Although not exactly considered health insurance, another type of coverage that’s not always accessible in the country is long-term care insurance. You can find out the benefits and drawbacks of long-term care insurance in Canada in our comprehensive guide.
With the long list of what is typically excluded from Canadian healthcare, it is not surprising that, while not required, almost 70% of Canadians have purchased supplemental private health insurance based on the latest data from the Canadian Life and Health Insurance Association (CLHIA).
CLHIA’s figures also indicate that 90% of all private health insurance policies were obtained through group plans. This is the reason why it recommends that you check your employer’s benefits plans first before buying additional health coverage to ensure that you are not paying for something that you’re already covered for.
If you’re a retiree, self-employed, or not eligible for group benefits, then purchasing supplemental health cover is advisable. Private health insurance covers several treatments and services excluded from the national health insurance program, including the ones listed above. The Financial Consumer Agency of Canada (FCAC) listed three main benefits of taking out private health coverage. These are:
- Paying for treatments and services not covered by national health insurance in Canada
- Supplementing your income if you suffer a serious injury or illness that prevents you from working
- Covering medical expenses if you get sick or injured while travelling overseas
Another important benefit of private health insurance is dental care coverage, which is not included under CHA. If you want to find out the different ways you can access dental insurance in Canada, our comprehensive guide can help you.
The table below gives a side-by-side comparison of what each type of health insurance in Canada covers.
Most private health insurance policies also come with a deductible. This is the amount that you must pay out of pocket before your health insurer picks up the tab. You can check out our comprehensive guide to insurance deductibles if you want to learn more about how this insurance component works.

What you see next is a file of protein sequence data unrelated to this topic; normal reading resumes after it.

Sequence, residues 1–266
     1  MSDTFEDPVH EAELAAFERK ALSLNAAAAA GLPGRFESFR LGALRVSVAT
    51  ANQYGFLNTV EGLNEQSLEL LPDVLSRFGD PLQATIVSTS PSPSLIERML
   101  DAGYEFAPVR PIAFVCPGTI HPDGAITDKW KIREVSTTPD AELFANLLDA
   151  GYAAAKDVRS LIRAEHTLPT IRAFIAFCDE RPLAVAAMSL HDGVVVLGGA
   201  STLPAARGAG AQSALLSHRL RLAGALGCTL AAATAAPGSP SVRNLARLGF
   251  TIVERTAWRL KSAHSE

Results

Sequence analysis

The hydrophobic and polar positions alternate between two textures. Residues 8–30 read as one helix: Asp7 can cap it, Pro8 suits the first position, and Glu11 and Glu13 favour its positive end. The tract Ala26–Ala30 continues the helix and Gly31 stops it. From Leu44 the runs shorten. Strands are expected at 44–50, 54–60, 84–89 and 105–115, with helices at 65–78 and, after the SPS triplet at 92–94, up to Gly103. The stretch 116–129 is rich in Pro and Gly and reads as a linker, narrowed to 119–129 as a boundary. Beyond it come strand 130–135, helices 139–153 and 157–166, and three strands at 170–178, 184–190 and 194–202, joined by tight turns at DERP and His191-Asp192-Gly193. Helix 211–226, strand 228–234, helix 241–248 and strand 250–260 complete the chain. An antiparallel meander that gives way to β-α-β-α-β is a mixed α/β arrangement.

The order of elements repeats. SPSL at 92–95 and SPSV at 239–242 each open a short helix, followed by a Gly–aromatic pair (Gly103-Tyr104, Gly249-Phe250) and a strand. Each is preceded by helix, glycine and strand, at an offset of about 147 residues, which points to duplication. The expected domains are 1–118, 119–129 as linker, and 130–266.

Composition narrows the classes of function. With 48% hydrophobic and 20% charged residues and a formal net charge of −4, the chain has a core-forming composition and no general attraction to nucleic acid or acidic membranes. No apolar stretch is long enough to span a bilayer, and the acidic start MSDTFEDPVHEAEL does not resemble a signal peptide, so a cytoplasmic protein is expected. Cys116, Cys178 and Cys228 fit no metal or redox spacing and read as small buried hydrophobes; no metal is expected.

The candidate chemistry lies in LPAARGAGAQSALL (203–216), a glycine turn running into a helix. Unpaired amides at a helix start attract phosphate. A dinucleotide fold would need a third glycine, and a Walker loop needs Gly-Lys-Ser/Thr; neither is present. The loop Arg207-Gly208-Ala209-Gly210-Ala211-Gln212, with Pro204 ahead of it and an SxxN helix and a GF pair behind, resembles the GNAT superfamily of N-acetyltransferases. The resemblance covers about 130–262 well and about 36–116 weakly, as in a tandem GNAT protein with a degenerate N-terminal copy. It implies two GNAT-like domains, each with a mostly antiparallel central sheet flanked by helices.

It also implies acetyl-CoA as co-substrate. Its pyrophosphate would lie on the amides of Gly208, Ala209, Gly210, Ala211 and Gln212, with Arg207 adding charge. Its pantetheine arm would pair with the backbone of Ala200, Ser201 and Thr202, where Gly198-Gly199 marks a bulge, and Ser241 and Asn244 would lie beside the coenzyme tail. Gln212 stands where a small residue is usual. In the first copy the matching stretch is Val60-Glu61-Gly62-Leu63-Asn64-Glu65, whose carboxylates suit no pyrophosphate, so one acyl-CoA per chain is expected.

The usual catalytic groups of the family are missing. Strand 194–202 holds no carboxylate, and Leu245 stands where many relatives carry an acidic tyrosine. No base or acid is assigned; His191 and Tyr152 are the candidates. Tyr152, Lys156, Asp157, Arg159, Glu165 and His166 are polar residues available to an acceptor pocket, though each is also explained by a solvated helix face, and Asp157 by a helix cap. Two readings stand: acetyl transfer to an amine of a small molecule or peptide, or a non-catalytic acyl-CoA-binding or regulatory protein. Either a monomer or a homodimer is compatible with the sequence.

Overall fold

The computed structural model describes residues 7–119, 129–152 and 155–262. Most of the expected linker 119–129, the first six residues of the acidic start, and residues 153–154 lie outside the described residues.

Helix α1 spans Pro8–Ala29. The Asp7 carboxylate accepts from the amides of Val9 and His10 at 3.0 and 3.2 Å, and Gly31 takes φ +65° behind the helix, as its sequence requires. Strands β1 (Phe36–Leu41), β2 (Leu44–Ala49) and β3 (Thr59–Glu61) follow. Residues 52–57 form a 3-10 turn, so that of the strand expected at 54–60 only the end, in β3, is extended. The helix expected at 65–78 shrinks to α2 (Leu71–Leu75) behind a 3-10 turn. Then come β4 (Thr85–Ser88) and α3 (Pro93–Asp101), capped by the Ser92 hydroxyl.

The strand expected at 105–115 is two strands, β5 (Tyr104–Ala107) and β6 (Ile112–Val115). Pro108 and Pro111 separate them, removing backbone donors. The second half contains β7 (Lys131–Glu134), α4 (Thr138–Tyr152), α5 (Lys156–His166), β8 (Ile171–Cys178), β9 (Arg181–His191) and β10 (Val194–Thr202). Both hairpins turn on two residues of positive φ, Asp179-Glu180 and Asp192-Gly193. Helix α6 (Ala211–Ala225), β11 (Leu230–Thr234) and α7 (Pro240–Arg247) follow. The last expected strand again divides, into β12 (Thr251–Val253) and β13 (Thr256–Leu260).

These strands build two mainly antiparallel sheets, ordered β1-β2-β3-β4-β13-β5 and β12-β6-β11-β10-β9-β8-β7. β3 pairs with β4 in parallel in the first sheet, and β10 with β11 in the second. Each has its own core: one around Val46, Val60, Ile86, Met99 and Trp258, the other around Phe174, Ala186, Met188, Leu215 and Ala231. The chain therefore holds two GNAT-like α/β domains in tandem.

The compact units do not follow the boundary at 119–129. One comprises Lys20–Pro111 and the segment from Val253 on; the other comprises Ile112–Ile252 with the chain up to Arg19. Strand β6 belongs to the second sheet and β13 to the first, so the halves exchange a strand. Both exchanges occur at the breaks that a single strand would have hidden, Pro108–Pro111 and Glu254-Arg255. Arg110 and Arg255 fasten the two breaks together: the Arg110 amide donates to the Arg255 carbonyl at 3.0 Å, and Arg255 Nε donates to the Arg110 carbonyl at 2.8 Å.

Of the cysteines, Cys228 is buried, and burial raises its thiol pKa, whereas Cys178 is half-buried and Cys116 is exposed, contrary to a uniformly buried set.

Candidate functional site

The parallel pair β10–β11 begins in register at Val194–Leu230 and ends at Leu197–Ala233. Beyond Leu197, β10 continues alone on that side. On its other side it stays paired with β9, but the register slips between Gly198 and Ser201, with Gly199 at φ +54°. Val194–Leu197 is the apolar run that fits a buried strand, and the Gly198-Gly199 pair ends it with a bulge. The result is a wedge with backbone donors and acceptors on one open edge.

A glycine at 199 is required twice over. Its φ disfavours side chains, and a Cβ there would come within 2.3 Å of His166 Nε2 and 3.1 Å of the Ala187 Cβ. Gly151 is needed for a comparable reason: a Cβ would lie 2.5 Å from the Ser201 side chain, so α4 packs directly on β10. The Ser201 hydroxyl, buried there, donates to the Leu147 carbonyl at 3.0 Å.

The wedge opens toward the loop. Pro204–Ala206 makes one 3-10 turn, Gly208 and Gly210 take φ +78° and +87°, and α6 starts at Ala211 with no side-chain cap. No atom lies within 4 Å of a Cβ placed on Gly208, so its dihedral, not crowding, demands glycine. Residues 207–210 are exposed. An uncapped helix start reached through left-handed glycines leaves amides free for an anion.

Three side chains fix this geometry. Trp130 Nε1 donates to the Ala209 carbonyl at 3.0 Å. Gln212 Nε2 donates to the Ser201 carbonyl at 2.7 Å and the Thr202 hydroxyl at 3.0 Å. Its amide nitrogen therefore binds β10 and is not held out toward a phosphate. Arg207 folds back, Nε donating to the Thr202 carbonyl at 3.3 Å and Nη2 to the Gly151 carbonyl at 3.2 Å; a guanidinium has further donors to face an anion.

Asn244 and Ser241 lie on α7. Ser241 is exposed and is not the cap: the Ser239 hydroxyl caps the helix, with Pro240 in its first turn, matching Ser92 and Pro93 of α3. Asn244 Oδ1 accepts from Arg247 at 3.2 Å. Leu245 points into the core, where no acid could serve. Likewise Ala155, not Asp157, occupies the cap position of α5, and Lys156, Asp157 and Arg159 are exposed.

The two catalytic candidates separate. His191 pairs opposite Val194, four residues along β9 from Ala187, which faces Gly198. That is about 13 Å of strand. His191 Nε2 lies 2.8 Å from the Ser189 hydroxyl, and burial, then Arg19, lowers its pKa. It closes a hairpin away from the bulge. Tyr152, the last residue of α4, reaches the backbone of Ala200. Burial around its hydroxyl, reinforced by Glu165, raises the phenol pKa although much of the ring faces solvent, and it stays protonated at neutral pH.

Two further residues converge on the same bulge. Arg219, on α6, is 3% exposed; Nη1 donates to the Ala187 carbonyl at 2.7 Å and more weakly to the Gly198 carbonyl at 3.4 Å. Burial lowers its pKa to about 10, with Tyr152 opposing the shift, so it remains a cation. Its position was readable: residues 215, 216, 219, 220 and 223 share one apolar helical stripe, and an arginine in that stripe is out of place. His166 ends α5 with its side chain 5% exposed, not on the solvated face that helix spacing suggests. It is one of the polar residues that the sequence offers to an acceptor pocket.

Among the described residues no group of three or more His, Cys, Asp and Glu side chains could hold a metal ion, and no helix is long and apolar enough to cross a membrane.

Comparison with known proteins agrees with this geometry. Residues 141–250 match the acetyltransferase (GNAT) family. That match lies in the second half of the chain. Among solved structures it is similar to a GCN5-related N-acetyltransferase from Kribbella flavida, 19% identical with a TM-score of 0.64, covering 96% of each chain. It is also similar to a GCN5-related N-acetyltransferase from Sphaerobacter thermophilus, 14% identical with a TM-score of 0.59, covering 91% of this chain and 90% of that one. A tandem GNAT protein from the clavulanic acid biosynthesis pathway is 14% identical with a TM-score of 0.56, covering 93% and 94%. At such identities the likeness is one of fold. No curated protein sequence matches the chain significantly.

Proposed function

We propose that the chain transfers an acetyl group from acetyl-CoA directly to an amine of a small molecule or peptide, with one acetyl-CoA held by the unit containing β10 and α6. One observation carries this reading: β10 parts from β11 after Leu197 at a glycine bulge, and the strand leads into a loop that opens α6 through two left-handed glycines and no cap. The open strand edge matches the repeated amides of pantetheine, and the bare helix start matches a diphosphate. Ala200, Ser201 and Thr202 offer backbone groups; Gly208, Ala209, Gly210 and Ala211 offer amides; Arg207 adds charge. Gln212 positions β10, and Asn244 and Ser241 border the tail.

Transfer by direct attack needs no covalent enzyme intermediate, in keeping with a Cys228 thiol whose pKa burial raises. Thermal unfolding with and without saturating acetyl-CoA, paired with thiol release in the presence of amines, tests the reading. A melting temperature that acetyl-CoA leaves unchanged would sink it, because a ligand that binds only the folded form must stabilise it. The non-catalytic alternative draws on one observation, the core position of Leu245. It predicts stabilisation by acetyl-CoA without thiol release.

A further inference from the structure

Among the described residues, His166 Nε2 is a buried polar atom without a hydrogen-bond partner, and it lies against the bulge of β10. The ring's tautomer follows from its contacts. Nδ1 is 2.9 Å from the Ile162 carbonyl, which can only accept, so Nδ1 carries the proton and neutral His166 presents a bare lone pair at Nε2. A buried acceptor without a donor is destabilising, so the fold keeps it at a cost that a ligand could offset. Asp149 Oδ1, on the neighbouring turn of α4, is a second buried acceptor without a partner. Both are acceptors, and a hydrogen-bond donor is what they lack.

Private health insurance in Canada costs about $756 annually or about $63 per month, according to the latest figures gathered by the Canadian Institute for Health Information (CIHI). The institute’s research also revealed that the average Canadian pays out about $902 in out-of-pocket expenses each year, equivalent to around $75 monthly.
CIHI’s data, however, were taken before the coronavirus pandemic shook not just the country’s healthcare system but also that of the world, which means actual values may be significantly higher at present. The figures above are likewise mere estimates. Still, the best way to get an accurate quote is to contact an experienced health insurance professional.
The country is home to about 130 private health insurance providers, which serve more than 27 million Canadians, according to CLHIA’s most recent data. Here are some other notable numbers from CLHIA’s latest industry factbook, indicating a thriving private health insurance market.
- Health insurance companies paid out around $30.4 billion in claims
- $13.4 billion were for prescription drugs
- $9.5 billion were for dental coverage
- $1.6 billion were for private hospital accommodations
- $1.3 billion were for optical care
- $1.1 billion were for massage therapy
These were the top five reasons for filing claims based on the research.
The answer depends on your and your family’s healthcare needs. While Canada’s universal health program provides coverage for many essential medical treatments and services, healthcare often extends beyond what our provincial or territorial health plans cover.
As CLHIA’s factbook reveals, prescription drugs and dental care are the two biggest reasons for filing claims as these are also the two largest healthcare expenses Canadians incur. So, if you’re taking regular medication or making frequent visits to the dentist, taking out private health insurance can prove beneficial.
Purchasing supplemental health coverage may also be advantageous for those without access to workplace benefits, including self-employed individuals and retirees. The bottom line is, if you’re trying to work out if health insurance is worth taking out, it pays to assess your overall health condition first. It will also help if you can talk to an experienced insurance professional who can give you a thorough breakdown of the pros and cons of purchasing health insurance in Canada.
Do you think health insurance in Canada is a worthwhile expense? What are the benefits and drawbacks of purchasing one? Chat with us in the comment section below.